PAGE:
14 Audience (Best Practices for Securing Active Directory Installations) This guide is intended primarily for IT planners, architects, and managers who are responsible for establishing Active Directory deployment and operations practices. As a result, this guide emphasizes the decision-making process, rather than procedures. How to Use This Guide (Best Practices for Securing Active Directory Installations) The information in this guide is presented as if the reader s organization is in the planning stage of its Active Directory deployment. However, this information can be equally beneficial to an organization that is reviewing its current Active Directory security practices. The information in this guide focuses on security, and this guide should not be used as the sole reference for planning an Active Directory deployment. For a complete analysis of deployment and upgrade issues and for recommendations for planning, designing, and deploying an Active Directory infrastructure, see Designing the Active Directory Logical Structure in Designing and Deploying Directory and Security Services of the Windows Server 2003 Deployment Kit (or see Designing the Active Directory Logical Structure on the Web at You can proceed through your Active Directory security planning process in the order presented in this guide. Each phase of the Active Directory security planning process, such as securing domain controllers, is contained in its own chapter. Each chapter begins with a discussion of how the security recommendations enhance security, and it also discusses the cost of the recommendations in terms of complexity and performance. If a recommendation is impractical for a specific deployment strategy, that fact is indicated and specific alternatives are recommended, if they exist. Finally, the recommendations in each chapter are summarized in a checklist at the end of the chapter. You can proceed to the next chapter after completing the checklist of recommendations at the end of the previous chapter. Before proceeding with security planning, make sure that you: Set your business goals and practices and understand how they affect Active Directory security. Gain executive-level sponsorship to implement a secure, Active Directory managed Windows network. Active Directory infrastructure and practices can span both technology and business areas. Therefore, to make progress in security planning, you must articulate the value of security to IT and business decision makers. 14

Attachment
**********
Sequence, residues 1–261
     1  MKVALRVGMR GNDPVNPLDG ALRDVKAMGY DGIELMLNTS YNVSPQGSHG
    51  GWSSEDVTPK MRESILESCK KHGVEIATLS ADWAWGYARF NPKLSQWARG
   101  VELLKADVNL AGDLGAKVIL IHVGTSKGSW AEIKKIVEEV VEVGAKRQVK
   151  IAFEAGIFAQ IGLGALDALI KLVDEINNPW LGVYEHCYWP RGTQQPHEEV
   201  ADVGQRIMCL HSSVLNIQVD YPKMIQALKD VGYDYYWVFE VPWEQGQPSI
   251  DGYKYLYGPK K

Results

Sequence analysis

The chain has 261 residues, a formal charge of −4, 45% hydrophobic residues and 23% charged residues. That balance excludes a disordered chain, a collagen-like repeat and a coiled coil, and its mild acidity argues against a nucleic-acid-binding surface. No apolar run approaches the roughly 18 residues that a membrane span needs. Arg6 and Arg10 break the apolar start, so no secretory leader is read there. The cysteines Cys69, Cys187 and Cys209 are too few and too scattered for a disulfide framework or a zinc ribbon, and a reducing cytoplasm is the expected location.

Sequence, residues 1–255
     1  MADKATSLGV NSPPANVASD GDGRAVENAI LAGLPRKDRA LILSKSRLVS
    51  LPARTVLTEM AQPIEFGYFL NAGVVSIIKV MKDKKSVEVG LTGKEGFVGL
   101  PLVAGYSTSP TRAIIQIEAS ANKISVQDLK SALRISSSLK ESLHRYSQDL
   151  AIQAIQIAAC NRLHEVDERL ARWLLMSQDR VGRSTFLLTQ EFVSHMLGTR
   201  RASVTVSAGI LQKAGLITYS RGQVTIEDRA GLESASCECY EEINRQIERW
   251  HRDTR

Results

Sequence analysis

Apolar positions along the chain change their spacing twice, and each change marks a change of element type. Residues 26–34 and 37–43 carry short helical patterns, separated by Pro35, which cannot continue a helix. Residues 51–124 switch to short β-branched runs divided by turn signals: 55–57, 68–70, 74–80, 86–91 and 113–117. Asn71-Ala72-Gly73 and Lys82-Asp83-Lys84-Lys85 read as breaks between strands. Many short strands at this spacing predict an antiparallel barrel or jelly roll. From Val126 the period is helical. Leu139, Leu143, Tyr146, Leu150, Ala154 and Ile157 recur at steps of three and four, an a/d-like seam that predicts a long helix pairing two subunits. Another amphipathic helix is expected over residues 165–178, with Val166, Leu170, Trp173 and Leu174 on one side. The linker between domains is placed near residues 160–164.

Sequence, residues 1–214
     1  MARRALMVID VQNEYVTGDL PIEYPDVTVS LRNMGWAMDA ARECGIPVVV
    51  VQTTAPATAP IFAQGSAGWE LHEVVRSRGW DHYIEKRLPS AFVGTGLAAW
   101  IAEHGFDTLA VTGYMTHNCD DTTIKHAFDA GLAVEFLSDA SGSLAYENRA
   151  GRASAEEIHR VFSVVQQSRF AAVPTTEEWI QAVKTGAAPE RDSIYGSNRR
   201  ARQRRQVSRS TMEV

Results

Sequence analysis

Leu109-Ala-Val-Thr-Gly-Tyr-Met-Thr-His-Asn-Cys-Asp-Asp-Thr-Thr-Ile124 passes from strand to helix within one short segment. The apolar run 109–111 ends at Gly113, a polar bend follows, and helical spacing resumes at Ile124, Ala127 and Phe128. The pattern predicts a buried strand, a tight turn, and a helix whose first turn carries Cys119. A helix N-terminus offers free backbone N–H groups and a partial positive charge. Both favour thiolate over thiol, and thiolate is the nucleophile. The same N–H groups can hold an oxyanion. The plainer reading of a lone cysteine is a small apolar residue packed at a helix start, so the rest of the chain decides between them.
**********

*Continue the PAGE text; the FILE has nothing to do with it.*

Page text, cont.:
15 Chapter 1: Planning In-Depth Active Directory Security A layered, in-depth approach to security includes protecting the physical environment, securing administrative policies and practices, and configuring domain controllers with settings that protect them from tampering. This security-in-depth approach provides the general outline for planning Active Directory security. Active Directory security planning begins with an analysis of the environment in which Active Directory is being deployed. The scope of the environment (intranet, extranet, and branch office) determines the methods that are required to secure the environment. To best plan for secure operations, assess the security threats against which your Active Directory deployment must be protected, and then implement a deterrent to each threat to address potential problems before they can occur. In addition, put contingency plans in place to ensure appropriate responses to unforeseen disasters. Overview of the Role of Active Directory in Secure Access To provide a secure network computing environment, Windows requires verification of every user s identity before it allows access to network resources. The process of verifying the identity of users, also known as authentication, is part of the logon process. The process of granting or denying access to a resource, also known as authorization, occurs when network users attempt to connect to servers and other network devices. Active Directory is the store for authentication and authorization data, and it is also the distributed service that manages the use of this data. Authentication: Identifying Network Users During the network logon process, all entities that can connect to network resources must identify themselves to the security system on a domain controller, which authenticates their identity by verifying their credentials against identification data that is stored in Active Directory. Active Directory stores security-related identity information for network users in the form of an account object. The system generates a unique security identifier (SID) for every account object that can be authenticated or authorized for access to resources. A SID is a value that uniquely identifies a user, group, or computer account within an Active Directory forest. Access control mechanisms in Windows networks identify security principals by SID rather than by name. Every SID contains the identifier of the domain in which the account object resides. Objects that have a SID are known as security principals. The following types of objects act as security principals: User: a person or a service that requires user credentials 15